Michael Longaker

Publication Details

  • Opposite Spectrum of Activity of Canonical Wnt Signaling in the Osteogenic Context of Undifferentiated and Differentiated Mesenchymal Cells: Implications for Tissue Engineering TISSUE ENGINEERING PART A Quarto, N., Behr, B., Longaker, M. T. 2010; 16 (10): 3185-3197

    Abstract:

    To delineate the competence window in which canonical wingless (Wnt)-signaling can either inhibit or promote osteogenic differentiation, we have analyzed cells with different status, specifically undifferentiated mesenchymal cells, such as adipose-derived stem cells and embryonic calvarial mesenchymal cells, and differentiated mesenchymal cells such as juvenile immature calvarial osteoblasts and adult calvarial osteoblasts. Our analysis indicated that undifferentiated mesenchymal cells and juvenile calvarial osteoblasts are endowed with higher levels of endogenous canonical Wnt signaling compared to fully differentiated adult calvarial osteoblasts, and that different levels of activation inversely correlated with expression levels of several Wnt antagonists. We have observed that activation of canonical Wnt signaling may elicit opposite biological activity in the context of osteogenic differentiation depending on the status of cell, the threshold levels of its activation, and Wnt ligands concentration. The results presented in this study indicate that treatment with Wnt3 and/or expression of constitutively activated β-catenin inhibits osteogenic differentiation of undifferentiated mesenchymal cells, whereas expression of dominant negative transcription factor 4 (Tcf4) and/or secreted frizzled related protein 1 treatment enhances their osteogenic differentiation. Wnt3a treatment also inhibits osteogenesis in juvenile calvarial osteoblasts in a dose-dependent fashion. Conversely, Wnt3a treatment strongly induces osteogenesis in mature calvarial osteoblasts in a dose-dependent manner. Importantly, in vitro data correlated with in vivo results showing that Wnt3a treatment of calvarial defects, created in juvenile mice, promotes calvarial healing and bone regeneration only at low doses, whereas high doses of Wnt3a impairs tissue regeneration. In contrast, high doses of Wnt3a enhance bony tissue regeneration and calvarial healing in adult mice. Therefore, the knowledge of both endogenous activity of canonical Wnt signaling and appropriate concentrations of Wnt3a treatment may lead to significant improvement for bony tissue engineering, as well as for the efficient implement of adipose-derived stem cells in bone regeneration. Indeed, this study has important potential implications for tissue engineering, specifically for repair of juvenile bone defects.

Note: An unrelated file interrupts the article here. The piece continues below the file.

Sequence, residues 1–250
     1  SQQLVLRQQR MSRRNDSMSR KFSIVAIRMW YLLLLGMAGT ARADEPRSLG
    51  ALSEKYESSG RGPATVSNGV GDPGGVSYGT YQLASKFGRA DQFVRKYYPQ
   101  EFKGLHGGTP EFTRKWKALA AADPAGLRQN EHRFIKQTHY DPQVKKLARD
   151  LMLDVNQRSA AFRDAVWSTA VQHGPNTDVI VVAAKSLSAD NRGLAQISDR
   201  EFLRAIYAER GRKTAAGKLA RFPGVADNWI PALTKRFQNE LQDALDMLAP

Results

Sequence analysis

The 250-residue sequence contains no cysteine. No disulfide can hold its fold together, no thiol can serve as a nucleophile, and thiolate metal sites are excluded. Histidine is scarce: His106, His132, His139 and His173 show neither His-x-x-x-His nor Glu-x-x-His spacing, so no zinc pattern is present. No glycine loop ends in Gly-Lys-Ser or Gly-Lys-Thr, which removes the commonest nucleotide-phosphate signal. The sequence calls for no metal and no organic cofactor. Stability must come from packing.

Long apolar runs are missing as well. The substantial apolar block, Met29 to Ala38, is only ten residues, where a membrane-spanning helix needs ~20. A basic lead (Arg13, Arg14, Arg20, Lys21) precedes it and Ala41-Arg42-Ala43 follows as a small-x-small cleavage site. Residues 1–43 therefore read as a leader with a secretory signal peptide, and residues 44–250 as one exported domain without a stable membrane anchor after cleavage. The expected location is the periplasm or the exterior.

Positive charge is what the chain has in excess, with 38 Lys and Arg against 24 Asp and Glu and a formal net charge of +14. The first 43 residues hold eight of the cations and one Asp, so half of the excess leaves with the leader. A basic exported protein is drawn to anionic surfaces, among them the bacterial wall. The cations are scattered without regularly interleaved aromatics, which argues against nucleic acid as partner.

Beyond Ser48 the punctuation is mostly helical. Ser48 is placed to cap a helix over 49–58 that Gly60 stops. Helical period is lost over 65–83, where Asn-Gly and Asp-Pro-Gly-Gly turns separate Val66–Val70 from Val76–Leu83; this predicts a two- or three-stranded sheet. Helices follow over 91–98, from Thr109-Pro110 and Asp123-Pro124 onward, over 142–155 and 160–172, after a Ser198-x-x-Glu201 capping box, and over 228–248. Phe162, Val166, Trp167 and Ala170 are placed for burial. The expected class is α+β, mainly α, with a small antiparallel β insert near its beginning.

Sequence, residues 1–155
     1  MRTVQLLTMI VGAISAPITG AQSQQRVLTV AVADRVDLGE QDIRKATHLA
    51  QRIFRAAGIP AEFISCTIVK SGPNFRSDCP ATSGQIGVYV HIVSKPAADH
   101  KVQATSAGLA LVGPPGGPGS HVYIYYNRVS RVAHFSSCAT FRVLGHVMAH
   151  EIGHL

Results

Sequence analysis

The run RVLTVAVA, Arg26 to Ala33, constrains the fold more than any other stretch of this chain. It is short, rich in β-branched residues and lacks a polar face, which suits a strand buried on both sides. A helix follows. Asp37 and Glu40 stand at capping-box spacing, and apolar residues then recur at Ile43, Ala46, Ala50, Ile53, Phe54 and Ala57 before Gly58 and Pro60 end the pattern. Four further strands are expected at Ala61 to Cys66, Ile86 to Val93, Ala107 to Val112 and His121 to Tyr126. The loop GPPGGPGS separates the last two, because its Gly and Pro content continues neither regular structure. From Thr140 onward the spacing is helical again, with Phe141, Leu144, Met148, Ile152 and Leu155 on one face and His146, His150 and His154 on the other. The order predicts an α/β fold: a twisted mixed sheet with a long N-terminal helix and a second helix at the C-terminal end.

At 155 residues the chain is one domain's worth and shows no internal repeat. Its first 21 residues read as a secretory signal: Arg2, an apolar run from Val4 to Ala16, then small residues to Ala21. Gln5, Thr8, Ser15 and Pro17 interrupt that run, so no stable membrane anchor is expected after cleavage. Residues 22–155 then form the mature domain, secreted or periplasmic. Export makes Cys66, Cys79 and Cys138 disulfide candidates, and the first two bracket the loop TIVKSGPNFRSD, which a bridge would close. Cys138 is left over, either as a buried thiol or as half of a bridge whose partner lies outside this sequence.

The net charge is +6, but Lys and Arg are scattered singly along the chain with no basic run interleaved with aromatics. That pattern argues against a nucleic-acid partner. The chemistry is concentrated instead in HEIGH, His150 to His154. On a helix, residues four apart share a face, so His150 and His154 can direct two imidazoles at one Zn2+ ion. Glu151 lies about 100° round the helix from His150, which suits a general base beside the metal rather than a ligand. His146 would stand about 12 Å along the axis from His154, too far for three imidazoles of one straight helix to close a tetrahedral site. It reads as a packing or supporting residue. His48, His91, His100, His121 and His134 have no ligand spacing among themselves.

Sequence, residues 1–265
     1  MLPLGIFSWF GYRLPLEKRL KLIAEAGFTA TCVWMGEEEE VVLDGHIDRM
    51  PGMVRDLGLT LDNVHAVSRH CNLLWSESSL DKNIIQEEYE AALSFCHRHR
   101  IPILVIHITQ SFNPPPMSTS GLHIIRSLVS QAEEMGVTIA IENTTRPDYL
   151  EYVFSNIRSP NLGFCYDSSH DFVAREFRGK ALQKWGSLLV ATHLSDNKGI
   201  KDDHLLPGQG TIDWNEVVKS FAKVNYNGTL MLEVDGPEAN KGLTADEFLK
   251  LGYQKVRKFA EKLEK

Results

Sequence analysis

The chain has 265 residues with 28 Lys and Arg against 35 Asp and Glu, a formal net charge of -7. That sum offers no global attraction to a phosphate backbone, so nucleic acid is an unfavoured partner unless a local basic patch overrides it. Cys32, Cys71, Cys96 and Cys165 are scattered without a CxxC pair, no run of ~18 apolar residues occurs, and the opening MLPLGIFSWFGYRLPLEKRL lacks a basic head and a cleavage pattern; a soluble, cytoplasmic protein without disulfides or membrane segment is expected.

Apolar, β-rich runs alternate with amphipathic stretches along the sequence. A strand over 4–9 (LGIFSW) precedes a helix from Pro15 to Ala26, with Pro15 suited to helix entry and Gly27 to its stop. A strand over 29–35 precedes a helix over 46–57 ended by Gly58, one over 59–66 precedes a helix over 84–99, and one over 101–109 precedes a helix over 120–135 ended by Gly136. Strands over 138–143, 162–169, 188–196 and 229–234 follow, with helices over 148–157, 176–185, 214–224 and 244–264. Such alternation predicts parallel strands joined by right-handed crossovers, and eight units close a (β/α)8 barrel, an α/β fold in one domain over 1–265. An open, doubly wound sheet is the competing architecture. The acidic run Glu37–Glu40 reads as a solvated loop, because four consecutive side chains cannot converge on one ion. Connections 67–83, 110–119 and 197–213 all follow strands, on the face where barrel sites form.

View details for DOI 10.1089/ten.tea.2010.0133

    View details for Web of Science ID 000282361100017

    View details for PubMedID 20590472

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